The Outback Sizzler
-photos and words by Tim Clark
Well, sadly the Oregon Outback Sizzler (Summer Edition) is merely an image in the clip-on rearview mirror. There is much to share, but since the Oregon Outback is the “most documented bikepacking trip”, I’ll focus on the unique mid-summer aspects of our trip. We certainly had a few scenarios in July that would not have presented themselves in May.
We were a crew of three and the trip being our first bikepacking. We all had many years of backpacking experience, much of it with ultralight gear so we had some transferable skills. However… I have never had to spend so much time preparing for a trip! We all remarked how the last week was painfully tedious laying out gear visually, making sticky notes of missing items and making countless trips to REI to complete the list (fortunately for me REI is only several blocks away). I would say the top factor for successful packing was volume. Something could be light as all-get-out, but if it didn’t fit in the seat bag it stayed home (hello new sleeping bag). Yep Donnie, you warned us!
Packing was a chore, but by far our biggest concern for this trip was WATER and electrolytes. With anticipated temps in the 90’s and the looming Red Soup stretch well in mind, having enough water weighed heavy (so to speak). Our resolve was to not dry camp. This required figuring out how to temporarily expand our H20 carrying capacity to 7L for our 90 mile waterless stretch. More on that to follow.
Day one welcomed us gently with 80 degree temps, mild wind and slightly damp conditions from recent rains. It could’ve been May! We enjoyed the ride, opening and closing gates all the way to Sprague River. It was here we saw an ominous plume of smoke on our horizon. As we rolled through tiny Sprague River it was abnormally a-buzz with people who were evacuating homes and ranches within – you guessed it – the Beatty area where the OC&E travels through. This forest fire was a game-changer!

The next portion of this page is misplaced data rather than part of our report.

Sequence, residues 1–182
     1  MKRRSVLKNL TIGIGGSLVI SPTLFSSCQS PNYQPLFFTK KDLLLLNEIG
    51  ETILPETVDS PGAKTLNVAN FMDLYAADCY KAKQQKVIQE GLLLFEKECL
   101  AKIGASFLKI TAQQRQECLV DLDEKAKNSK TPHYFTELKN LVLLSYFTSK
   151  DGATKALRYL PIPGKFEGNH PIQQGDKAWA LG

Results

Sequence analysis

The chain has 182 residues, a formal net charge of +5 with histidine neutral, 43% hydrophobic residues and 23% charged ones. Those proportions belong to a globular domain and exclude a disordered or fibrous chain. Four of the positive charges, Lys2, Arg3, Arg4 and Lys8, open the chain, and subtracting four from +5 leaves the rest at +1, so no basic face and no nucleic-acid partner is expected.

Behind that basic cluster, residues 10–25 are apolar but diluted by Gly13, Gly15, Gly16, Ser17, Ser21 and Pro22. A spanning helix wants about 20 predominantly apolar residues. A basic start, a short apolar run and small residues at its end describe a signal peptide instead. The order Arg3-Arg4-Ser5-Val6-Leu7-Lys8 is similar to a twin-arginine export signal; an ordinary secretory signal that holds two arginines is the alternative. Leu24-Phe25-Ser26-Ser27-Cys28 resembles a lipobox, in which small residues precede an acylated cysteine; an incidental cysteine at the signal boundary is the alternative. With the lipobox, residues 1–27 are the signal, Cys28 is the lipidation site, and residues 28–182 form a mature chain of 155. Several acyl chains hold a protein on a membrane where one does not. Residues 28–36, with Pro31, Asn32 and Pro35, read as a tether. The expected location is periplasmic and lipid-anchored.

With the help of Sprague Store Dave and his pipe we were able to smoke out an alternative route, adding only ten miles to our day. We rolled northwestward towards Lone Pine (with some gravel) and eventually turned east on Williamson River Road hoping to find a “crik” we could camp by. Though almost dusk we decided to grind out the twenty miles to Headwaters of the River Campground, hoping and praying for water, given we each had a bottle of water remaining – at best! We pulled in at dark finding beautiful, sweet and ice cold water tumbling out of a basalt crack. Phew!
Day two we awoke to sunrise with a spring-filled pond near our campsite. Alone we sipped our coffee enjoying this memorable place. Once packed we continued east on gravel for 12 miles to connect with NF 27 resuming our scheduled route. The plan was to end the day in Silver Lake but not before a stop at the Cowboy Dinner Tree. Here we chatted with Jamie the owner. For 45 minutes our conversation meandered, enjoying an exchange on such topics as ecology, Paiute indians, cattle drives and the Sierra Club. It’s always about the people you meet. Filled with warm conversation and food, we coasted into Silver Lake hoping for a restful night’s sleep in the community park. However, our hopes were quickly burst by the proboscis of swarming mosquitos. Before we could even steady our bike and body, we learned we were next on the menu; hellish hordes of blood-thirsty mosquitoes attacked.
The onslaught was worse than anything we have encountered, even in the Sierra. Staying here, we’d perish from hypervolemia or from slapping ourselves silly. No go. We set out to find a bar and hide out until night fall. At the only open Café on the far east end of town, the nice girl at the counter pleasantly informed us that their skeeters never sleep. Arrgh! Fortunately, a trail angel, disguised as a grizzled truck driver with a limp, grunted that we could stay at the hotel. Hotel? Where? Well, the one next to the store, of course, at the west end of town.